Ladybugs in the garden is a good thing. They help to keep your plants free of unwanted pests while providing some natural beauty to your yard. Mites, aphids, and scale are all targets of this pretty insect!
If you want to attract ladybugs to your garden, you need food for them to consume. When you don’t have pests around to offer, they’ll eat some pollen instead. Delivering these items in abundance is a sure way to bring in a significant population each year.
What Plants Do Ladybugs Like in a Garden?
Anything that produces significant pollen quantities is something to consider adding to your garden. The best options have flat flowers that serve as landing pads for the ladybugs, and the pedals tend to be yellow or white.
You might consider planting yarrow, statice, marigolds, cosmos, calendula, or angelica if you want more ladybugs in your garden.
Some herbs do an excellent job attracting insects, including chives, fennel, dill, and cilantro.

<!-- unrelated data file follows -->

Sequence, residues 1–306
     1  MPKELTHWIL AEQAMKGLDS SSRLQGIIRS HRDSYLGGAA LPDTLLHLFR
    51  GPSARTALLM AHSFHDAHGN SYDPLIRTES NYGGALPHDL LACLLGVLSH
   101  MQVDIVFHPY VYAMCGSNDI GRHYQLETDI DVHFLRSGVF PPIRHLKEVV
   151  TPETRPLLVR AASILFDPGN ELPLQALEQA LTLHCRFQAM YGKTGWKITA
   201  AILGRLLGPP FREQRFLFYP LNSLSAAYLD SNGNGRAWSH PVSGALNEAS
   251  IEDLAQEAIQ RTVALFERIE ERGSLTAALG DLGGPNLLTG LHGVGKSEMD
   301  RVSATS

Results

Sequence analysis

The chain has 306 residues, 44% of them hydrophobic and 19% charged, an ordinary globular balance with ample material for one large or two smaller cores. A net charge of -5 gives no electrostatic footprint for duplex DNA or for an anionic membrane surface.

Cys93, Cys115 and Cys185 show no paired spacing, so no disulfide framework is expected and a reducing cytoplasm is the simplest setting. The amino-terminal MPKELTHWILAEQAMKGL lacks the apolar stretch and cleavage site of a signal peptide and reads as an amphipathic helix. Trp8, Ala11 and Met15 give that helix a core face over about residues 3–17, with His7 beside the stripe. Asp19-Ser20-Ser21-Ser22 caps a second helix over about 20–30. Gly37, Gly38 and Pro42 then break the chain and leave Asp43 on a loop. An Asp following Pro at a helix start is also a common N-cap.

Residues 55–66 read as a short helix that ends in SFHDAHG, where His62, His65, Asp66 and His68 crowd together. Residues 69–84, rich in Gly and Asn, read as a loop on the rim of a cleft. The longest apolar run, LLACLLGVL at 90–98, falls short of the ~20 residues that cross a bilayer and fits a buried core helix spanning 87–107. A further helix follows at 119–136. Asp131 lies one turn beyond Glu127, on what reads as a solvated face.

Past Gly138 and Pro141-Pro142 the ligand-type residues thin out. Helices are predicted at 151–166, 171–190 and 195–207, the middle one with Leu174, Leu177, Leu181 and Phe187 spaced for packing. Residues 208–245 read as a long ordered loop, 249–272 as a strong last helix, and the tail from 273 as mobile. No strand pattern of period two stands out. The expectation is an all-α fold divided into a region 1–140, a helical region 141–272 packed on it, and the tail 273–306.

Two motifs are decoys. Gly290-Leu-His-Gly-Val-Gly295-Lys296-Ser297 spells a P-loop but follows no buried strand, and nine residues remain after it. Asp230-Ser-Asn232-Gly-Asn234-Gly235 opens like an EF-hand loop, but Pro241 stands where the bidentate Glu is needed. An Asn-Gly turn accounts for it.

You Can Plant Decoy Plants for Pests
If you have garden pests to manage, it helps to plant some decoy items in your garden to have them conglomerate in a single spot.
Radishes, nasturtiums, marigolds, and early cabbage can bring numerous aphids to your yard. Once the ladybugs sense their presence, you’ll find them arriving in a big storm.
After you have the ladybugs arrive, the goal is to keep them there to give you year-round benefits. If you provide shelter, food, and water for them, they won’t need to travel elsewhere to meet those needs.
If you purchase ladybugs to release in your garden instead, please remember that the twilight hours are the best time of day for this task. When you let them out mid-afternoon, they’re more likely to fly away.
When ladybugs can find food and shelter quickly, they’ll fall in love with your garden. Since they’ll take care of those unwanted pets, following these steps can help you keep them around.